From congressional and White House recommendations on reducing campus sexual assaults earlier this year to the White House’s unveiling this week of a new prevention campaign, the problem of sexual assault on college campuses has been receiving an unprecedented level of attention of late. Shining the spotlight on a problem that affects the educational opportunities of so many young women across the country is important. But we must not forget that sexual harassment and violence is also an all too present reality for many girls in elementary and secondary schools. And Title IX – the civil rights law that is not just about sports but also requires all schools that receive federal funding to address sexual harassment – protects these K-12 students too. Read more »
Yesterday, a federal judge in Alabama held that the state’s law requiring abortion providers to obtain hospital admitting privileges was unconstitutional as applied to the clinics that brought the suit. Enforcement of the law would have closed three of Alabama’s five abortion clinics.
Judge Myron Thompson of the U.S. District Court for the Middle District of Alabama issued his 172-page opinion [PDF] after a ten-day trial in the case, Planned Parenthood Southeast, Inc. v. Strange. It details the history of violence, harassment, and hostility in Alabama towards abortion providers and the significant obstacles the law would have imposed on women seeking abortions. Read more »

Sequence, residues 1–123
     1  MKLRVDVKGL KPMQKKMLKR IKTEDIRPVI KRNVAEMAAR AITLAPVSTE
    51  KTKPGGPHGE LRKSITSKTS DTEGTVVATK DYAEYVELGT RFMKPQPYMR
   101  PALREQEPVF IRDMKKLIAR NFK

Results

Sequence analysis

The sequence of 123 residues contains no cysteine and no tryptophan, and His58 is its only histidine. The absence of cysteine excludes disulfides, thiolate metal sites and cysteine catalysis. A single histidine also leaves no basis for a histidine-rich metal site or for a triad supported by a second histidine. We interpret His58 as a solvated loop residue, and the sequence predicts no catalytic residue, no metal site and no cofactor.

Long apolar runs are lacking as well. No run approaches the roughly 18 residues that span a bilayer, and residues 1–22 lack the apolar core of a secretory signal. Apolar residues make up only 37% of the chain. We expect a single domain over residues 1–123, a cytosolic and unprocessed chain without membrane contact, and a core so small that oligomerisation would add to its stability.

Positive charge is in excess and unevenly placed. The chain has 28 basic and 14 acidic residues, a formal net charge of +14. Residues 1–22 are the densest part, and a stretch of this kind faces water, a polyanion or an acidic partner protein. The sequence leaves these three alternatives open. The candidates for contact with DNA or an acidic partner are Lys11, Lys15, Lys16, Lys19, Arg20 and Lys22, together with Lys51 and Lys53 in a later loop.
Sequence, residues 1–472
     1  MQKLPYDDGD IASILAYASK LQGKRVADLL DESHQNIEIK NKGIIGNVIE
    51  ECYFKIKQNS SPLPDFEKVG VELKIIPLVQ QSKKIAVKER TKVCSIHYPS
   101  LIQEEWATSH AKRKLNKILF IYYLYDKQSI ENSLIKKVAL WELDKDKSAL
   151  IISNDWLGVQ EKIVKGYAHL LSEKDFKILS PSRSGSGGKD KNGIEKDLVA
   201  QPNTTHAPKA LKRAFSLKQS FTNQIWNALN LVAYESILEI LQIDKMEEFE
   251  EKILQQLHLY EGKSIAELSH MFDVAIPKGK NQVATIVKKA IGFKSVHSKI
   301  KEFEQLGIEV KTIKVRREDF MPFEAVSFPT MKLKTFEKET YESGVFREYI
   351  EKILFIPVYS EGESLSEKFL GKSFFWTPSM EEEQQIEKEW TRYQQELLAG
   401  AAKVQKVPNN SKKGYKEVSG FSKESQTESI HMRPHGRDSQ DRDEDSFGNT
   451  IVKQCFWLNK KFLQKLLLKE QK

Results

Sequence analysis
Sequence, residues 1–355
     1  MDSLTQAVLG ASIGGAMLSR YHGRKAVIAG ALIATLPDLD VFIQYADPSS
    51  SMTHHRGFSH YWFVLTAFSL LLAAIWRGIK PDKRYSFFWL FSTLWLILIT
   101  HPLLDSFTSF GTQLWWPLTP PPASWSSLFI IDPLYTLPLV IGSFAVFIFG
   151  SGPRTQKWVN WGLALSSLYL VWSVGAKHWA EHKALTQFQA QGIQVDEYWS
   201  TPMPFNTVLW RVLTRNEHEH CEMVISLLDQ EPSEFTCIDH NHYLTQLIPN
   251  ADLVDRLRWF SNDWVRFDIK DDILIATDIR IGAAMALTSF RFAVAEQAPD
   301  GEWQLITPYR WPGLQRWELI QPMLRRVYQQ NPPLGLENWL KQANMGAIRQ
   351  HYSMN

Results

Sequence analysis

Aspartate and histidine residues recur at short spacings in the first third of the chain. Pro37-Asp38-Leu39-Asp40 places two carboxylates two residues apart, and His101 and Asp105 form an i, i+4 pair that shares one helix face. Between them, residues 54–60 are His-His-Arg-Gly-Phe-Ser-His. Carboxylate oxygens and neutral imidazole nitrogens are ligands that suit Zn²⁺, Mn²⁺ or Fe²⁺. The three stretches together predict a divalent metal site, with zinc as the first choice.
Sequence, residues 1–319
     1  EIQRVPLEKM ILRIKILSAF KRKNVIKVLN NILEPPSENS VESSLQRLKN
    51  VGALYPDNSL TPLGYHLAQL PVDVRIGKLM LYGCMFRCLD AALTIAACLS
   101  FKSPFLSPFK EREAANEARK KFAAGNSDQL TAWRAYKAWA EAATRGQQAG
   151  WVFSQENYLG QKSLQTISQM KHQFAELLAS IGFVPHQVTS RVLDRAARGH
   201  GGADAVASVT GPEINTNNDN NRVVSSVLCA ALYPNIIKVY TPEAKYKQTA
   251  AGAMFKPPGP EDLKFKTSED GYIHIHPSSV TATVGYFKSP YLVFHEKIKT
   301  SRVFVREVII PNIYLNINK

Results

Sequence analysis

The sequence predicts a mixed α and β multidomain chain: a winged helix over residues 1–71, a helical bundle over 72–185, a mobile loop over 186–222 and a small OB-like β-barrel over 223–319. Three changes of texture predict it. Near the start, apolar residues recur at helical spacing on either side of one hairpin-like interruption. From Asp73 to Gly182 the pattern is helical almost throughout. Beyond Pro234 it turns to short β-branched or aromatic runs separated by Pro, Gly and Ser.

Earlier this month, we told you about a bill introduced in the Alabama House of Representatives that would let bosses use their religion to discriminate against female employees and make decisions about their reproductive health care. Unfortunately, the House passed H.B. 108 last week, and it is scheduled for a public hearing in the Senate today at 11:30 a.m. Read more »
Alabama politicians will be voting on whether to allow your boss to make your reproductive health care decisions. H.B. 108 was introduced just last week and voted out of committee yesterday without a public hearing. It’s moving to the House floor for a vote as early as today. Alabama politicians want to allow bosses to use their religion to discriminate against the 637,666 Alabama women who get health insurance through their job or their spouse’s job.